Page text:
Kerio MailServer 6.5 review
Microsoft’s Exchange may be the “you won’t be fired for buying it” choice for SMEs, but there are number of mail server choices available. With this release, Kerio MailServer becomes our favoured option, with numerous advantages over both Exchange and rivals like Gordano.
We’re impressed by Kerio’s ability to support a wide range of clients (more on that later), but it can also run under a wide variety of operating systems. From Windows 2000 Professional SP4 to 2003 Server to Vista Business, from Red Hat Linux to SUSE Linux to Mac OS X 10.4 and 10.5 – everything’s covered. Its only fault is that 64-bit versions of Windows and Linux aren’t supported.
We installed the Windows version on a desktop PC equipped with an AMD Athlon 64 X2 5000+ and 2GB of RAM, running Vista Business. We created several test users using the server’s own internal database for security, although we could just as easily have imported users from Active Directory. It’s possible to combine both methods, which can be useful when some users don’t need Active Directory accounts.
We tested the server using a program that sent several hundred messages to each user using plain text and HTML. We also included some spam and the EICAR test virus in various attachments. Everything went without a hitch.
Antivirus duties are handled by McAfee Anti-Virus, which is provided as standard. A second antivirus engine can be added if required, and products from suppliers such as Grisoft, NOD32 and Symantec are supported as well as the popular open-source ClamAV. Email is scanned in both directions and, to prevent an infected system from spreading a virus throughout the LAN, internal mail is also scanned. Infected mail may be disinfected or quarantined as required.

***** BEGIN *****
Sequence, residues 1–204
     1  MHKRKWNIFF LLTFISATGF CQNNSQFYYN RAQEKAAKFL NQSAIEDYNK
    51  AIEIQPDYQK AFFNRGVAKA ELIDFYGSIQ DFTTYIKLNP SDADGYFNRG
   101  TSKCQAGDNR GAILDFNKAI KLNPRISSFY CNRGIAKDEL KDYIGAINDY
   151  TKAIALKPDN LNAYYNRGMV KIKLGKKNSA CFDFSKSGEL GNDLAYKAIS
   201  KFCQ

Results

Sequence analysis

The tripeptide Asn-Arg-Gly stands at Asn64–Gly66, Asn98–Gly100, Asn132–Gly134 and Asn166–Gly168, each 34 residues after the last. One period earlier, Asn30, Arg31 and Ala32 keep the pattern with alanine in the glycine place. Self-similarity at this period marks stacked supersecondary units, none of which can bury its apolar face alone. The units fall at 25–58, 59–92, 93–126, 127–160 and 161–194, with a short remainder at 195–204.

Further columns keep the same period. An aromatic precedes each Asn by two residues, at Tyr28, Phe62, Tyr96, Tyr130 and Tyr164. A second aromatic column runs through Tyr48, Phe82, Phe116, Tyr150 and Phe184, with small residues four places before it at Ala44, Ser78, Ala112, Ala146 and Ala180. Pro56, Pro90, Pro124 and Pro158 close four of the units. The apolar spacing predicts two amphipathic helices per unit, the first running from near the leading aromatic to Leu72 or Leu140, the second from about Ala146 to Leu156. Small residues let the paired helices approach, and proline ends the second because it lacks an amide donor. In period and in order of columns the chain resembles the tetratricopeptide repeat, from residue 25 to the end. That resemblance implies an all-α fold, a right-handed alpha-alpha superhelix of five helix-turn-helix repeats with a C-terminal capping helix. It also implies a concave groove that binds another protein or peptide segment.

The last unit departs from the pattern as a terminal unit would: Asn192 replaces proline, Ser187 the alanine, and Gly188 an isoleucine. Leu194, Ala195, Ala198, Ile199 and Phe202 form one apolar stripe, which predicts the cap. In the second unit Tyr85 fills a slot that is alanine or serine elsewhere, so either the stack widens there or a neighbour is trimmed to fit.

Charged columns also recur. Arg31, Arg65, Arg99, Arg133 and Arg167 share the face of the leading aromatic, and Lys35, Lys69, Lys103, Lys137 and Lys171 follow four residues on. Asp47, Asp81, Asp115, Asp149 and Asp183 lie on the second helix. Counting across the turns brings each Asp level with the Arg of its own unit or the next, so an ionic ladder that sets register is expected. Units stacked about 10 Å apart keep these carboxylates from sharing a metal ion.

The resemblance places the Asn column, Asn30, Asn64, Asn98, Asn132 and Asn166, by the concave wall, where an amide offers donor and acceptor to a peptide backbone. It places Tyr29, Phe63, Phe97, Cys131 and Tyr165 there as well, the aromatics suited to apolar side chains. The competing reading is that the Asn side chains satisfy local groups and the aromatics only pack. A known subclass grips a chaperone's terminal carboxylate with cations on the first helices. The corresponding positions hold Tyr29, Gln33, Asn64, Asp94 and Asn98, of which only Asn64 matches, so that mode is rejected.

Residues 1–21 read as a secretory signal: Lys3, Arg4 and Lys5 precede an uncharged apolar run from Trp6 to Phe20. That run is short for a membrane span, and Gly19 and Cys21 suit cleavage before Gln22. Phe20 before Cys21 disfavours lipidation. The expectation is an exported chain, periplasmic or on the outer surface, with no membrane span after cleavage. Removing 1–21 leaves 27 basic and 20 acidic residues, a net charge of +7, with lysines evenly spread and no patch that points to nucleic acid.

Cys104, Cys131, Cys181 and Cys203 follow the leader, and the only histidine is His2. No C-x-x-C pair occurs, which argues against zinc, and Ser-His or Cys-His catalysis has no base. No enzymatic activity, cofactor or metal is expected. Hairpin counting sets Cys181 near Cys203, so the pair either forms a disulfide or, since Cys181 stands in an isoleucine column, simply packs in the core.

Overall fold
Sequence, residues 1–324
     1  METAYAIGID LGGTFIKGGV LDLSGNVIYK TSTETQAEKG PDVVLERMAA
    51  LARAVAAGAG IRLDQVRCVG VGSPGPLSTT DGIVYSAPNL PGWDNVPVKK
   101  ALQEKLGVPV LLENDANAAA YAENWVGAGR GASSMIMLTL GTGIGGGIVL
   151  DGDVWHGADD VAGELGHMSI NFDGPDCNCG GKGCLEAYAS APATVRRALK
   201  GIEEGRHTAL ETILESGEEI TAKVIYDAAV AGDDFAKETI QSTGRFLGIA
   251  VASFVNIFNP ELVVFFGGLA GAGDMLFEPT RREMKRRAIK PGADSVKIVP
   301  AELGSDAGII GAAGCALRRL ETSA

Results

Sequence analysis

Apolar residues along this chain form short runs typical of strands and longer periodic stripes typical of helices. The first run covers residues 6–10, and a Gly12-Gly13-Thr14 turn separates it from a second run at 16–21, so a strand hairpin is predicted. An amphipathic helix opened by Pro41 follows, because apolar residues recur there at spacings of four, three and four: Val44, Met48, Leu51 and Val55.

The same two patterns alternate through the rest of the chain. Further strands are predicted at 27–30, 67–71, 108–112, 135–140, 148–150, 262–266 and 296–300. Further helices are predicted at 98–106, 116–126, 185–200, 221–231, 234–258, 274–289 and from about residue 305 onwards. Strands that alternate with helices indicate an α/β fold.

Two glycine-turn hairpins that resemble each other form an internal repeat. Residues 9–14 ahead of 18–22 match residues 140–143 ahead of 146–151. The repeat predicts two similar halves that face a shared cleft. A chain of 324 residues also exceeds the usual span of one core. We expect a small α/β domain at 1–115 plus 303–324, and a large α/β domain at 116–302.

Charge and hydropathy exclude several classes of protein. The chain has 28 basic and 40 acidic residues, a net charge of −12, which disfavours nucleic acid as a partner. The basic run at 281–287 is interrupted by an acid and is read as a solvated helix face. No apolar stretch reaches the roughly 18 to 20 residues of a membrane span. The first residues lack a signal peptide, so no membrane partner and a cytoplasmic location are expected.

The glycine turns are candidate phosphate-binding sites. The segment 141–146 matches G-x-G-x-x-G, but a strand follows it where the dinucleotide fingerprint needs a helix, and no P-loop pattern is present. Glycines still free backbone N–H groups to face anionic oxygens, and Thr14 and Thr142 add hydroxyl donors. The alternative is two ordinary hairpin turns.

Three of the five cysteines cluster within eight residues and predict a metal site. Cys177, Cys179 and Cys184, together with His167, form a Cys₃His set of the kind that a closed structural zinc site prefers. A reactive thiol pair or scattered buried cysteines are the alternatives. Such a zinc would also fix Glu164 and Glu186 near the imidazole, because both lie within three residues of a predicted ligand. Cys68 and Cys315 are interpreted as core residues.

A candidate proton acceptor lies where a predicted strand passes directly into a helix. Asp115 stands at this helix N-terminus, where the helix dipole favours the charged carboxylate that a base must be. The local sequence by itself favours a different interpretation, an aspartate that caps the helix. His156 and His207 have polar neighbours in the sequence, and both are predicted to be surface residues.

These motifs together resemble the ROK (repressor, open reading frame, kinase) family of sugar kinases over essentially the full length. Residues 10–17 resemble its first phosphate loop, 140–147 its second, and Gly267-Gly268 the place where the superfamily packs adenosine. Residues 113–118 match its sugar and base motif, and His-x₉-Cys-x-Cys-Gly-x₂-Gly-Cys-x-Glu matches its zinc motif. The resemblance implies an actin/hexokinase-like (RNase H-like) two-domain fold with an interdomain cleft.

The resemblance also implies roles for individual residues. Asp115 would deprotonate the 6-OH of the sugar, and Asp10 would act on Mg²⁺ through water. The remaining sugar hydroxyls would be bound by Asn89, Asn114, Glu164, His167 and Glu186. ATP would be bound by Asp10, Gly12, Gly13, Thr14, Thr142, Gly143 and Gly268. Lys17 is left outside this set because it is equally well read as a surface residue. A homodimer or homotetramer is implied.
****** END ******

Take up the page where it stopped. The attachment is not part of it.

SpamAssassin is available to filter out unwanted mail, and real-time blacklist and Bayesian analysis options are also available. Other measures include both Microsoft’s Caller ID and Sender Policy Framework options.
The system can be administered through the local administration interface or remotely using the supplied software. In both cases the administrator can configure and monitor all aspects of the server’s operation. Email archives are becoming increasingly important, and Kerio automatically archives all messages for later review.
The new CalDAV feature allows Apple iCal users to share their calendar data with other users. Apple’s iCal client won’t play nicely with Microsoft Exchange, and while there are several workarounds available, this feature simplifies things and allows Mac users to use the collaborative features available to Windows users without having to resort to the web-based client or use Entourage.
Kerio has also extended the Outlook Connect feature. The previous version allowed the user to use Outlook as a client while connected to the server, but the new offline feature offers the chance to work with Outlook without being connected; Outlook will synchronise itself when the user connects to the server again. This is of great interest to users who need to work with tasks and arrange appointments while on the move.
Both Gordano’s Messaging suite and Kerio’s MailServer offer viable alternatives to Microsoft’s Exchange Server in the SME market. Neither one requires a Windows Server licence, and they will both run happily on quite modest hardware. Gordano will scale further than Kerio’s product, but it comes with a higher price.
Kerio MailServer’s support for mobile devices such as smartphones running Windows Mobile allows users to keep in touch even without an internet connection. This, combined with the price, should be enough to tempt even the most Microsoft-loving IT manager.